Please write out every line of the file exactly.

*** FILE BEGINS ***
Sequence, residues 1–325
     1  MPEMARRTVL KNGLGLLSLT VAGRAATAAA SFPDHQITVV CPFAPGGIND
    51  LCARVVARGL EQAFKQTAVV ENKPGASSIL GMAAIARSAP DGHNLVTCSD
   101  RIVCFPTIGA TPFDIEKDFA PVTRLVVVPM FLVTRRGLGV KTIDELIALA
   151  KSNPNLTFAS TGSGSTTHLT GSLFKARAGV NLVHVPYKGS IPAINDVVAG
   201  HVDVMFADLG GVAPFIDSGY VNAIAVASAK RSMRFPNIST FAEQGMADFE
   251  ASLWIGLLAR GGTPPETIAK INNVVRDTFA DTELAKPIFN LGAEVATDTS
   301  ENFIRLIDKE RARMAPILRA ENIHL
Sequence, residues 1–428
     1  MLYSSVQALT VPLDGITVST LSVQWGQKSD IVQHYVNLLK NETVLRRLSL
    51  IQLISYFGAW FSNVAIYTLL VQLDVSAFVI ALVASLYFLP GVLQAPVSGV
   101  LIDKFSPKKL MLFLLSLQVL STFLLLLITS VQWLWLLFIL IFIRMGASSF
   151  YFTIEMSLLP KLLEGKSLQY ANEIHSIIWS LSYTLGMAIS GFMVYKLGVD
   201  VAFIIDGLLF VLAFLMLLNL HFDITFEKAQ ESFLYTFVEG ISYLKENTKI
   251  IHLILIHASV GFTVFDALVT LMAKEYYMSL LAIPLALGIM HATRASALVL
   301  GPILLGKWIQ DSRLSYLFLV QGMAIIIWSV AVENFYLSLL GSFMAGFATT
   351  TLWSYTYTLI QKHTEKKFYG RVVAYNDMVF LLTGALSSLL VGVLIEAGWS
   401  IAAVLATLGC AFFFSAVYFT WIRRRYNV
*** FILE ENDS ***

Sequence, residues 1–325
     1  MPEMARRTVL KNGLGLLSLT VAGRAATAAA SFPDHQITVV CPFAPGGIND
    51  LCARVVARGL EQAFKQTAVV ENKPGASSIL GMAAIARSAP DGHNLVTCSD
   101  RIVCFPTIGA TPFDIEKDFA PVTRLVVVPM FLVTRRGLGV KTIDELIALA
   151  KSNPNLTFAS TGSGSTTHLT GSLFKARAGV NLVHVPYKGS IPAINDVVAG
   201  HVDVMFADLG GVAPFIDSGY VNAIAVASAK RSMRFPNIST FAEQGMADFE
   251  ASLWIGLLAR GGTPPETIAK INNVVRDTFA DTELAKPIFN LGAEVATDTS
   301  ENFIRLIDKE RARMAPILRA ENIHL
Sequence, residues 1–428
     1  MLYSSVQALT VPLDGITVST LSVQWGQKSD IVQHYVNLLK NETVLRRLSL
    51  IQLISYFGAW FSNVAIYTLL VQLDVSAFVI ALVASLYFLP GVLQAPVSGV
   101  LIDKFSPKKL MLFLLSLQVL STFLLLLITS VQWLWLLFIL IFIRMGASSF
   151  YFTIEMSLLP KLLEGKSLQY ANEIHSIIWS LSYTLGMAIS GFMVYKLGVD
   201  VAFIIDGLLF VLAFLMLLNL HFDITFEKAQ ESFLYTFVEG ISYLKENTKI
   251  IHLILIHASV GFTVFDALVT LMAKEYYMSL LAIPLALGIM HATRASALVL
   301  GPILLGKWIQ DSRLSYLFLV QGMAIIIWSV AVENFYLSLL GSFMAGFATT
   351  TLWSYTYTLI QKHTEKKFYG RVVAYNDMVF LLTGALSSLL VGVLIEAGWS
   401  IAAVLATLGC AFFFSAVYFT WIRRRYNV